Chair, Science and Technology Options Assessment (STOA), European Parliament

Paul Ruebig, born in Upper Austria, has been a member of the European Parliament since 1996 and belongs to the European People's Party (EPP). He is the owner of an Austrian blacksmith company and has a degree in Business administration, marketing and production engineering from the University of Linz, Upper Austria. He is married and has two children.

Paul Rübig is full member of the Committee on Industry, Research and Energy and of the Committee on Budgets. He is Vice-Chair of the Delegation for relations with the Korean Peninsula and substitute member of the Delegation for relations with Switzerland, Norway and of the EU-Iceland Joint Parliamentary Committee and the European Economic Area (EEA) Joint Parliamentary Committee. Furthermore, Paul Ruebig is also a substitute member in the Committee on Development.

Paul Rübig is very active in the field of the small-scale business promotion. He is president of SME Global, a working group of the International Democrat Union (IDU), whose objective it is to support small and medium-sized enterprises (SME) and to improve their business environment. Paul Ruebig is also Chair of STOA (Science and Technology Options Assessment), an official body of the European Parliament that is supported by external experts such as universities, scientists or research institutes.


17:00-18:30 5 NOVEMBER

Future-oriented science-policy interaction needed

Within the European Parliament, the Science and Technology Options Assessment Panel (STOA) is a body carrying out interdisciplinary research and providing strategic advice in the fields of science and technology options assessment and scientific foresight. STOA plays a very specific role in bringing sound scientific evidence to the European Parliament, both at the level of Members and at the level of Parliamentary Committees. Communicating science and technology issues and making them understandable to society at large is an important part of STOA’s mission.

The STOA services are integrated in the European Parliamentary Research Service (EPRS). Together they strive to turn the science-policy interface into a future-oriented science-policy eco-system. In this eco-system, scientists and policy-makers are in dialogue with all relevant stakeholders, including industry, NGOs and society as a whole. 

In a world which might have to accommodate 10 billion people by 2050, STOA focuses on five main themes:

1. Ensuring mobility for 10 billion people – how can this be achieved?

2. The resource question – how can the world supply the necessary resources in the future? With energy, water, food, precious materials?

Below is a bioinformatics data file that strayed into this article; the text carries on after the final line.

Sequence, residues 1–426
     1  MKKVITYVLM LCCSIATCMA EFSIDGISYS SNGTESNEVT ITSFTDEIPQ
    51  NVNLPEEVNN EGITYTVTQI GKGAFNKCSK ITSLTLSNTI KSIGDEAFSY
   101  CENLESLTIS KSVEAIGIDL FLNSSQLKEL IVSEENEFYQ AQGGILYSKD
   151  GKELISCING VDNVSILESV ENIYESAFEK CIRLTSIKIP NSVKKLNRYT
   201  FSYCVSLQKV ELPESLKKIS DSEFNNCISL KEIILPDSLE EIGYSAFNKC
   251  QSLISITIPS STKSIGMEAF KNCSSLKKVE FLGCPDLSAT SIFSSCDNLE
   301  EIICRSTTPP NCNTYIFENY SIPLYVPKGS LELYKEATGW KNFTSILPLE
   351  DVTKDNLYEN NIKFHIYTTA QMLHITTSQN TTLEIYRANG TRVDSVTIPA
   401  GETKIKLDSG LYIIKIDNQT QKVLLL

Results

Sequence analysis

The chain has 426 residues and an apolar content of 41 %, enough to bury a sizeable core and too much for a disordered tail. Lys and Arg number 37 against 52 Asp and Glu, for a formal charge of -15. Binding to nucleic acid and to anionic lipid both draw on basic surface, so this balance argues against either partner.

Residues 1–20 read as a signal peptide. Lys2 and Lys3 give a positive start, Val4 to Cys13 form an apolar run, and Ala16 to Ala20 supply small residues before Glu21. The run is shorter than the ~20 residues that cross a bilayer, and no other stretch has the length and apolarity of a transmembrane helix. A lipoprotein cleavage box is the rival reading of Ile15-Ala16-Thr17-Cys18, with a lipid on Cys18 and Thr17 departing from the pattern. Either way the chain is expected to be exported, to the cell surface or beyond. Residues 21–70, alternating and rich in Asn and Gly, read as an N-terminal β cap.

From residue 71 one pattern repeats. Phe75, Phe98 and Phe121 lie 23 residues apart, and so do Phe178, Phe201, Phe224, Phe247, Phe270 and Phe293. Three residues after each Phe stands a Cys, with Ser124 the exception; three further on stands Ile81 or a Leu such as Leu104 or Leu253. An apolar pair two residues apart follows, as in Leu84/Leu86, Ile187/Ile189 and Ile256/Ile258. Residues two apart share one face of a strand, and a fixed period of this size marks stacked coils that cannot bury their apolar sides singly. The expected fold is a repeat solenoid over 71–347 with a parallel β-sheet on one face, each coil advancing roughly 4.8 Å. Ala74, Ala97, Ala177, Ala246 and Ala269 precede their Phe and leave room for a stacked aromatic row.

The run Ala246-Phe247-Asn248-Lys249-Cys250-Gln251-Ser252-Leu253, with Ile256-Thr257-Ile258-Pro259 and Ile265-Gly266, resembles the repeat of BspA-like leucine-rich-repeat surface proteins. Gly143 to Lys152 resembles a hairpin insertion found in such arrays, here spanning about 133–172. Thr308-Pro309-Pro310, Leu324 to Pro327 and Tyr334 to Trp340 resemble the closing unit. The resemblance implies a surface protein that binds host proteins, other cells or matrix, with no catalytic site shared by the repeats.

3. Information and communication technology – what is the future for a digitalised world with all interlinked by the Internet of Things, and for social networks?

4. A perfect life – what can we do to improve people’s health?

5. Communicating science – how can STOA help to ‘join the dots’ with scientists from around the globe?

Going just one step further since 2014, STOA has taken on the challenge of helping Members and committees to take into account possible long-term unintended consequences of legislation on society. Hence, STOA’s traditional role was then strengthened through a new emphasis on the long-term future dimension of its research.

The Scientific Foresight approach includes analysing techno-scientific trends in the context of their impact. Therefore, we systematically look into possible future impacts by taking a 360° approach: the evidence is assessed in a context taking into account the most diverse range of angles, such as social, technological, economic (jobs), ecological and ethical factors.

Similarly to the approach of the new Scientific Advice Mechanism developed by the European Commission, STOA relies on a wide range of expertise, involving professionals with diverse backgrounds. 

In essence, STOA has been developing the capacity to play a well-defined role in the EU policy cycle and has invested a lot of efforts in effectively communicating the available evidence at the ‘science-policy interface’ (novel ways of communicating, ample use of the social media, video clips and live tweeting during events), to raise awareness of STOA activities among the wider public, which has responded favourably to this new way of interacting.